Life would be so much easier if I could avoid all things baby. If I could avoid all pregnant co-workers, neighbors, and family members. If the grocery store didn’t have those stupid preggo-only parking signs and babies in grocery carts being pushed around every corner. If I never went anywhere I might run into a young family. Anything that might induce baby-craziness, that particular brand of insanity that makes me simultaneously love and hate other people’s babies, pregnancies, and walking, talking kids.
Oh, did I mention that I actually work with babies and young children every day. And their moms, sometimes pregnant with their 3rd or 4th or 5th child that they can’t afford to feed. Yeah. Oh, and babies who are in foster care because their mothers took a shitload of drugs while pregnant. So that’s great.
And yet, I seem to manage this rather well. Call it self-preservation, thick skin, or a general sense of numbness, but I get through it. Some days more easily than others. Maybe because I try to distance myself when I can. I can’t help it if a little one toddles over to me and plops down in my lap. But with the teeny tiny babies, I mostly guide mom or dad or grandma while I sit back, never getting too close to that button of a nose or those wide eyes or, god help me, that smell.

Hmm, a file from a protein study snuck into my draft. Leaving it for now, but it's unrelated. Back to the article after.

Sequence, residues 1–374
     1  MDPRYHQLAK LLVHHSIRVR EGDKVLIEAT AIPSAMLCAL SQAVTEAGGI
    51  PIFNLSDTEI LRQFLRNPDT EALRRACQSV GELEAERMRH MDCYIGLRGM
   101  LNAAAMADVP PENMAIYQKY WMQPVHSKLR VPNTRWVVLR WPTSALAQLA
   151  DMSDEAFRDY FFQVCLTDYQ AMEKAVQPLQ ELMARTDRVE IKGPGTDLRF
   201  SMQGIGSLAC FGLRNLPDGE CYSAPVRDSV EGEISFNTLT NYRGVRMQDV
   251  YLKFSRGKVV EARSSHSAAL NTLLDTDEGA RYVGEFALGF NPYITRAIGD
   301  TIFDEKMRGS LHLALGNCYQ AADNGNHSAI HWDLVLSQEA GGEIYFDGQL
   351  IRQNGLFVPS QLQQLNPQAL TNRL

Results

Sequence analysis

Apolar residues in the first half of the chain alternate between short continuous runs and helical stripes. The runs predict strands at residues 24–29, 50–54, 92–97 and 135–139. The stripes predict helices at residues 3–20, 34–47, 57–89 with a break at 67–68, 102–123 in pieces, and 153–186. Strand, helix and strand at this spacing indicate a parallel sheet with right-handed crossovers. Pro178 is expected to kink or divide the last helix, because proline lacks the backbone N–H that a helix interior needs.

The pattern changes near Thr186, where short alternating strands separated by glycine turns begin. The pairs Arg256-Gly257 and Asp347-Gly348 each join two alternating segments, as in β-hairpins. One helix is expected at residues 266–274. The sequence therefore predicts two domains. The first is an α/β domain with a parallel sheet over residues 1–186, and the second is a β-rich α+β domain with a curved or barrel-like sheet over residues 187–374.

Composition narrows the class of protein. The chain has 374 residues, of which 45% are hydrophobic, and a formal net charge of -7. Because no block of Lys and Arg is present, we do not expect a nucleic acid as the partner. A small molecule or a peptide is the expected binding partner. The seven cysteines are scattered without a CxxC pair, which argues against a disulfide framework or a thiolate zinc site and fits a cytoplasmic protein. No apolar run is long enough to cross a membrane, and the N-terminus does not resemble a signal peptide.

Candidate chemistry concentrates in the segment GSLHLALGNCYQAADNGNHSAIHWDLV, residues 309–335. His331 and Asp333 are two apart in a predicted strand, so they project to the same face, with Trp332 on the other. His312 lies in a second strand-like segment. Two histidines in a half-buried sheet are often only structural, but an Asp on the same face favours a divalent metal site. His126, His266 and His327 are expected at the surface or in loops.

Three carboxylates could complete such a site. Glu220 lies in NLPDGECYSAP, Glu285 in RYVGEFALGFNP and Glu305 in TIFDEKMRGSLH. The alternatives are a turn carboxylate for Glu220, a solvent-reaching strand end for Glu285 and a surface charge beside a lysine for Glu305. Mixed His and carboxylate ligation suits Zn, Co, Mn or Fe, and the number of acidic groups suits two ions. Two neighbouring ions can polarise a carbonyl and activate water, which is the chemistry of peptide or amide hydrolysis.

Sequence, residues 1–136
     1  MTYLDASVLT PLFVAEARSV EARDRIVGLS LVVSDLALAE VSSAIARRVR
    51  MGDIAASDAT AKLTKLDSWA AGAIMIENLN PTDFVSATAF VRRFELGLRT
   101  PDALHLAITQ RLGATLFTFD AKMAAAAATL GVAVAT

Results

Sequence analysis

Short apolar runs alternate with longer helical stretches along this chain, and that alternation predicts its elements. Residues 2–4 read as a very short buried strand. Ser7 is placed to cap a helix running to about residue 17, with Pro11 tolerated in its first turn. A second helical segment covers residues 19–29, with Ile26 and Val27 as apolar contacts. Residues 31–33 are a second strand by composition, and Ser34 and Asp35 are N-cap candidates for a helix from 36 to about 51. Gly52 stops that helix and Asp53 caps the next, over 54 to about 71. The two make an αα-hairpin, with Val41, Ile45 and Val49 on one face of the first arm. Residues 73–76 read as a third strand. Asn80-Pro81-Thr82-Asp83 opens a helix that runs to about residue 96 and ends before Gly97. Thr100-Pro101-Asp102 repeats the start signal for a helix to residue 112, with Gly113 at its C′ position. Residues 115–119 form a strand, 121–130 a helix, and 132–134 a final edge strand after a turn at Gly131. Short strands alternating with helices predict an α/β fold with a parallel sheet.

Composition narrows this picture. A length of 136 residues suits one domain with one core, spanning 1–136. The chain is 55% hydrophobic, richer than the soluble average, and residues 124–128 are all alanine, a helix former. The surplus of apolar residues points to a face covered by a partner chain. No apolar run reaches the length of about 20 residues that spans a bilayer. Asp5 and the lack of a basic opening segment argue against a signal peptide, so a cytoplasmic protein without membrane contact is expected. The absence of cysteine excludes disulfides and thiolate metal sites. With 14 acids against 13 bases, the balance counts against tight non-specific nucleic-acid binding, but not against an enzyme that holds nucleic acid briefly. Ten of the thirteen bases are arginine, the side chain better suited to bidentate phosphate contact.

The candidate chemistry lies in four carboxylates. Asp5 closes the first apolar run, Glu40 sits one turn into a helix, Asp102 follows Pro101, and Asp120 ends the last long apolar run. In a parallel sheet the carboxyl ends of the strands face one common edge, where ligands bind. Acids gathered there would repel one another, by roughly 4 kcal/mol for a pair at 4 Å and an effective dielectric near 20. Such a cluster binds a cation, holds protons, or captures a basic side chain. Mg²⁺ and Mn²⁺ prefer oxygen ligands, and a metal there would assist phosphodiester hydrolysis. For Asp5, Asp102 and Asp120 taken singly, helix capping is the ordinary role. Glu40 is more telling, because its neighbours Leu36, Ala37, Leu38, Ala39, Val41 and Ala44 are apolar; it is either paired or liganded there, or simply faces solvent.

The bad days are the ones when I get asked, “Do you have kids?” “Don’t you want them?” Or worst of all, “You’ll be such a good mom.” Even my sister pulled this one on me, and added that I’d be a better mom than she is. Really?? I’m not sure it’s a competition, and if it is, it’s not a fair one. By the time we have our first child, I’ll be more than 10 years older than my sister was when she had my niece. I’m not saying that age is a factor in how good a parent you are, but I’m a different person than I was 10 years ago. My sister is a different person now than she was when her daughter was born. So it’s not exactly a fair comparison. Plus, unlike my sister, I’ve always had what I can only refer to as “mommyness.” I’ve always been good with children and babies, baby-sitting since I was 12, constantly surrounded by nieces and nephews. I usually get along with kids better than I do with most adults. So I’m much less worried about the kind of mom I’ll be than the fear that I may never get to be one, thank you very much.
The break from work has been nice. I needed it. I’ve had time with Hubby, time with family, and time to myself. But I have to go back to work on Monday. Don’t worry, I’ll survive. I always do.